It is not only pleasure but great honour to write on this remarkable work of the genius of India's people. Thought known or very long time and being a subject for researches of quite a few scholars the Kathasaritsagara still stays as one of the most difficult riddles in the history of early mediaeval literature of the people of India. Somadeva's work itself is a symbol of continuity of literary process in India, as it stems from the rather mysterious Brihat Katha of Gunadhya. Materials concerning Brihat Katha and its later versions are pretty well known. One may refer to find them in famous works of A. B. Keith, M. Winternitz, F. Lacote, S. K. De and many others.
The Kathasaritsagara was translated a number of times in European languages in portions but so far there was only one translation whole work and this is famous translation by C. H. Tawney originally published by Asiatic Society of Bengal and later edited with extensive notes and comments by N. M. Penzer. Both editions are or a long time out of print and became a real bibliographical rarity. Quite a long time necessity of new edition was felt and Messrs Munshiram Manoharlal have to be congratulated and thanked by every indologist and connoisseure of literature for bringing a new edition of C. H. Tawney's translation.
The latest decades have shown very rapid progress in research work almost in every field of Indology. But it has to be stated that certain traditions still are prevailing and some works of ancient and mediaeval authors still do not get attention they deserve, among them one may name the Kathasaritsagara. it goes without saying that works of H. Brokhaus, F. Lacote, N. M. Penzer and some other authors laid necessary foundations for further research, but since then the work which was done in different fields of Indology allows us to reassess importance of Somadeva's work and its meaning not only for indological research but also for contemporaneity. I would like to mark such an interesting undertaking as new publication of The Kathasaritsagara which was started by the Bihar Rashtra Bhasha Parishad, two volumes of which already have come out.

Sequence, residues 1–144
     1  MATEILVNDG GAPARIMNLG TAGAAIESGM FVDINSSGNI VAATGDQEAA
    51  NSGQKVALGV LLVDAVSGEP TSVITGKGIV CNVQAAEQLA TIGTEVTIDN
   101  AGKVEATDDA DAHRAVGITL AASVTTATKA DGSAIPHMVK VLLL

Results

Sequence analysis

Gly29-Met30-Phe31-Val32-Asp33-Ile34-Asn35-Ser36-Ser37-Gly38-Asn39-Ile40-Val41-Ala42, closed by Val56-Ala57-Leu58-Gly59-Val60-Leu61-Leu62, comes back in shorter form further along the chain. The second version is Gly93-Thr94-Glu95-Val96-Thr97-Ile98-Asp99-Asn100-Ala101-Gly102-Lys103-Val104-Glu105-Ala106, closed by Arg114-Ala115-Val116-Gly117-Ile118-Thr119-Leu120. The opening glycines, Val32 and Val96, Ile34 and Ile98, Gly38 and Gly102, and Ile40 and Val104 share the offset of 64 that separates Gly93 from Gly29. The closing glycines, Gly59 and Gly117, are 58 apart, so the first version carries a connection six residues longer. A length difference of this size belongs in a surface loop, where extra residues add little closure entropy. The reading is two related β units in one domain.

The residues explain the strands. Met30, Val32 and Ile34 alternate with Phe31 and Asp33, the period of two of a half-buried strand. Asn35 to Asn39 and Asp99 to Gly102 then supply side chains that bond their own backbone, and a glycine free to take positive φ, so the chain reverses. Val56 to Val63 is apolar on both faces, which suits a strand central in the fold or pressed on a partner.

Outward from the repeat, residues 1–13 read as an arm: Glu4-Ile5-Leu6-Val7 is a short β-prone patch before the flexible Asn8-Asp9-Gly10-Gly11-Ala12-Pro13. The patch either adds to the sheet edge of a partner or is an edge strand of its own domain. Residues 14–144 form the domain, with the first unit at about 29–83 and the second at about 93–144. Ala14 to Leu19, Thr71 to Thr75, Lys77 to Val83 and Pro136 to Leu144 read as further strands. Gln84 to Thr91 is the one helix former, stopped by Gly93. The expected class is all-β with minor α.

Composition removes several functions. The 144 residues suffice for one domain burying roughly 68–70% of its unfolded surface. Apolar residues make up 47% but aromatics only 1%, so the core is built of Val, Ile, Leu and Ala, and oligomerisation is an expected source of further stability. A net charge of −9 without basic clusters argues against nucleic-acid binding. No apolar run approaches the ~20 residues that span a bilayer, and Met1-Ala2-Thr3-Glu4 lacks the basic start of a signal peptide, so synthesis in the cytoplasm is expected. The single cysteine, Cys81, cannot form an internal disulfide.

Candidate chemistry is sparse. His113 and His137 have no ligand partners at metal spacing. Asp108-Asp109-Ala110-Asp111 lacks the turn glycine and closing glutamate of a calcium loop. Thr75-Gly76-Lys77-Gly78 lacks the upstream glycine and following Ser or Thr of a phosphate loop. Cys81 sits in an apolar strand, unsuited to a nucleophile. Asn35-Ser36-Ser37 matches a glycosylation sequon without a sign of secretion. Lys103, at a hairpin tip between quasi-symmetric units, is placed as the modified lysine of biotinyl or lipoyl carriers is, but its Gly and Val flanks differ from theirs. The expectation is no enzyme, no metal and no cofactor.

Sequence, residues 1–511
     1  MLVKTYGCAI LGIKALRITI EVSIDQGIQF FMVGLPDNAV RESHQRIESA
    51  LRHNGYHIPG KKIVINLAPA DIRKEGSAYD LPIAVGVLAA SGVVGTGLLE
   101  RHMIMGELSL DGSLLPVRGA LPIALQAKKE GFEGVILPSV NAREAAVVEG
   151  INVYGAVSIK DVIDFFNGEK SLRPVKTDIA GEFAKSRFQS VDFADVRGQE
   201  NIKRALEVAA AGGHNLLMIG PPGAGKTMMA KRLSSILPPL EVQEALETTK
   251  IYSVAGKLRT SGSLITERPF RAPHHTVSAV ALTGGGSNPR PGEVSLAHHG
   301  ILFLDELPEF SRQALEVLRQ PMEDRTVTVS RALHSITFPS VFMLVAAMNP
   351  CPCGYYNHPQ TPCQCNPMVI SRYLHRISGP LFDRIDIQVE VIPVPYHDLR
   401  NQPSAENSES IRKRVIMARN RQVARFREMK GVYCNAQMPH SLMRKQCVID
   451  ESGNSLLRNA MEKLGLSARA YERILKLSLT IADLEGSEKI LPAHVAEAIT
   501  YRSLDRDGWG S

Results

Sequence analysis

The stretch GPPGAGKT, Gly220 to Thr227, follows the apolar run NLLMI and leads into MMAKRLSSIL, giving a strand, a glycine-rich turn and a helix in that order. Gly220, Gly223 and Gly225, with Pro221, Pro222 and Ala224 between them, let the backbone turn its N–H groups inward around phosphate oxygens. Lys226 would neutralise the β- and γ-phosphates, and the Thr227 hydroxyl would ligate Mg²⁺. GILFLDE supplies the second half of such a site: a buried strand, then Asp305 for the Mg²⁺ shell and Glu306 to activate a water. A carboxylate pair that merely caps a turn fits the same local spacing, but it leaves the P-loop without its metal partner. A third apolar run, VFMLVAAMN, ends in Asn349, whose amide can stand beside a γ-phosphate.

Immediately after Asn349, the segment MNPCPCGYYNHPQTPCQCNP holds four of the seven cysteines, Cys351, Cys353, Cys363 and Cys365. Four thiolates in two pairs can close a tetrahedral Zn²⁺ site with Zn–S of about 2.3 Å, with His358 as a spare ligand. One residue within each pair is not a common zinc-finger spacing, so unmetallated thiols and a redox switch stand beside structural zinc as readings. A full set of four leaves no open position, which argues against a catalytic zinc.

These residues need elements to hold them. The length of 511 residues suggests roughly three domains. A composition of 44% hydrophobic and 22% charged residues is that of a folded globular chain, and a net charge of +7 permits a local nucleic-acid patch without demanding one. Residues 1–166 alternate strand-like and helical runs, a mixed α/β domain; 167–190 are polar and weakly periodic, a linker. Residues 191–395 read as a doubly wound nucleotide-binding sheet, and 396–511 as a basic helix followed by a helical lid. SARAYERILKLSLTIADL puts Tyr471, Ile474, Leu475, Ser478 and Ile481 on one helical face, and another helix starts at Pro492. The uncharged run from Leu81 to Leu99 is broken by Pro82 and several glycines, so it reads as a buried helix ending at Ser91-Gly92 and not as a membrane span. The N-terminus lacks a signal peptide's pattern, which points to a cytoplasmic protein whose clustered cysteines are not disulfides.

Indisputable is a magnificent contribution of people of India to the world culture and literature and research in this sphere, as well as acquaintance with achievements of Indian culture and literature enrich intellectual life of other peoples as well acquaintance with cultural heritage and contemporary culture and literature of other peoples enriches-intellectual world of an Indian. There is none most reliable media of such mutually beneficial cultural exchange and this media is translation.
There are different approaches to the problem of translation. One may prefer literal translation in which quality of art is hopelessly lost but certain appearance of "Scientific translation" comes in to the picture; another may prefer such method of translation which transfer the very subject and personae dramatis into alien surrounding or the "art's sake". There can be another method of translation, according which plot, style and imagery created by an author in atmosphere of his epoch, language and social environment are being transferred by a translator, belonging to another historical epoch, in atmosphere of his language, making ideas problems, values of life, imagery, style of a certain alien author, near and understandable to compatriots of a translator brings the best results. Though already more than eighty years passed since C. H. Tawney's translation was published it is still alive and quite readable because the translator followed above mentioned method.